b. Justification is by faith.

"No man is justified by the law in the sight of God" (Galatians 3:11). No saint has ever been justified by the law. The just have always- and- only been justified by faith. "The just shall live by faith" (Romans 1:17. Galatians 3:11, and Hebrews 10:38 are all the same quotation of Habakkuk 2:4).

      c. The law is still necessary.

The law is just as important now as it has ever been.
"Do we then make void the law through faith? God forbid: yea, we establish the law" (Romans 3:31). Christ presently promotes the law. "Think not that I am come to destroy the law, or the prophets: I am not come to destroy, but to fulfil" (Matthew 5:17).

      d. The law is not ceremonial, but moral.

What is the law of which we speak? The law is not the ceremonial law of the old covenant.
"For the [ceremonial] law having a shadow of good things to come, and not the very image of the things, can never with those sacrifices which they offered year by year continually make the comers thereunto perfect... For it is not possible that the blood of bulls and of goats should take away sins... For by one offering He hath perfected for ever them that are sanctified" (Hebrews 10:1,4,14). Christ is the once for all sacrifice for those who walk sanctified.

"Jesus said unto him, Thou shalt love the LORD thy God with all thy heart, and with all thy soul, and with all thy mind. This is the first and great commandment. And the second is like unto it, Thou shalt love thy neighbor as thyself. On these two commandments hang all the law and the prophets" (Matthew 22:37-40). God's moral law is unchanging. The Decalogue (the Ten Commandments of Exodus 20), as well as "all the law and the prophets", have been boiled down to one simple requirement... PERFECT LOVE. This is moral law, necessitating moral choice. This is not simply advice. This is law. Refuse obedience and... "The soul that sinneth, it shall die" (Ezekiel 18:20). "for the wages of sin is death" (Romans 6:23). "And death and hell [will be] cast into the lake of fire. This is the second death" (Revelation 20:14).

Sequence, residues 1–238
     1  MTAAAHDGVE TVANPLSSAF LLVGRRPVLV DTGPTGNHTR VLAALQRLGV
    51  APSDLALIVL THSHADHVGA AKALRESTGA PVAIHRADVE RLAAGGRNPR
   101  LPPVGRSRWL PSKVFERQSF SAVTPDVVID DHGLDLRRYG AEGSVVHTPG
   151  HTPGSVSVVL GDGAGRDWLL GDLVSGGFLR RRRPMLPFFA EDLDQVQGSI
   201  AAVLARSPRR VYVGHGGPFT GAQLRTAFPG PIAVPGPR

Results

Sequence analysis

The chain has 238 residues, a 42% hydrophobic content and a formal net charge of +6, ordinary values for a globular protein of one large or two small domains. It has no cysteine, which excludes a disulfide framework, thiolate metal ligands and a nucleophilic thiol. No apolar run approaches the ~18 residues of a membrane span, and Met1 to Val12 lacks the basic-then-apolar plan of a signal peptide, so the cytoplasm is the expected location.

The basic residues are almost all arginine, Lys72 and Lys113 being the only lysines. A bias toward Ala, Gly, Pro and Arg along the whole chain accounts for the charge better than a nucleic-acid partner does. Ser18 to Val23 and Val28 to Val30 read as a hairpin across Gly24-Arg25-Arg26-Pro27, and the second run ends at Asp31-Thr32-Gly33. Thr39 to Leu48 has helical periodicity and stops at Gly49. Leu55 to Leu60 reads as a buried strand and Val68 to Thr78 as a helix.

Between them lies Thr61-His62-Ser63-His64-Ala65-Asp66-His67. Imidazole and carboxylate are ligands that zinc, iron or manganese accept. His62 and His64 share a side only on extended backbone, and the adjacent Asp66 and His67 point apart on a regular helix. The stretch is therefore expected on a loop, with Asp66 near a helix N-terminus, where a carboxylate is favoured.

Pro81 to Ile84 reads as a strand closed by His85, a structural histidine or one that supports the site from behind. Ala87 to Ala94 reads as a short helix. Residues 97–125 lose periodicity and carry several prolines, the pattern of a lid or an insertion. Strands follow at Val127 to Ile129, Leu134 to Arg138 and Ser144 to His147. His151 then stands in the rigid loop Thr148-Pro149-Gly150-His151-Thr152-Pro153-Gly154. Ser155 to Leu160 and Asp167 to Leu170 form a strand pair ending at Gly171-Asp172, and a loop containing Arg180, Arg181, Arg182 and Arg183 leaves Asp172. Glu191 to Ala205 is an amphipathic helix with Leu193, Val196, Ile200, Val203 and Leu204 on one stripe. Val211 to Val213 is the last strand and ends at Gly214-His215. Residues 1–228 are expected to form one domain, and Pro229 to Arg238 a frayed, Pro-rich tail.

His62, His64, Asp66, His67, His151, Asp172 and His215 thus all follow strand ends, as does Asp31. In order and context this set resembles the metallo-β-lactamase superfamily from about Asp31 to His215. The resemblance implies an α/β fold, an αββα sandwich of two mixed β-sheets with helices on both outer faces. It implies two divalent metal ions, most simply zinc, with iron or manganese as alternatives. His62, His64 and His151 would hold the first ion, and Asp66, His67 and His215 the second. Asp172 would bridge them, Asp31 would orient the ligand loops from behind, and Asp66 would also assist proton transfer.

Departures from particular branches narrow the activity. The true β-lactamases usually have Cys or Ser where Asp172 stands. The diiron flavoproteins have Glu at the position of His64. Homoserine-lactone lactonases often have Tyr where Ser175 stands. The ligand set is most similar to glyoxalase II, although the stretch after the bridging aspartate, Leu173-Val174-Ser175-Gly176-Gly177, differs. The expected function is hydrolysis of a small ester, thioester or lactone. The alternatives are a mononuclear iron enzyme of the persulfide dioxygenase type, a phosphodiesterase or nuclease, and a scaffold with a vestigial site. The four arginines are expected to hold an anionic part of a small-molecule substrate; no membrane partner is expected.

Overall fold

James describes the law as the royal law [
"If ye fulfil the royal law according to the Scripture, Thou shalt love thy neighbour as thyself, ye do well" (James 2:8)] and as the law of liberty ["So speak ye, and so do, as they that shall be judged by the law of liberty" (James 2:12)]. Brother John would probably call the law the law of love because he wrote: "For this is the love of God, that we keep His commandments: and His commandments are not grievous" (1John 5:3).

      e. The purpose of the law is to define sin.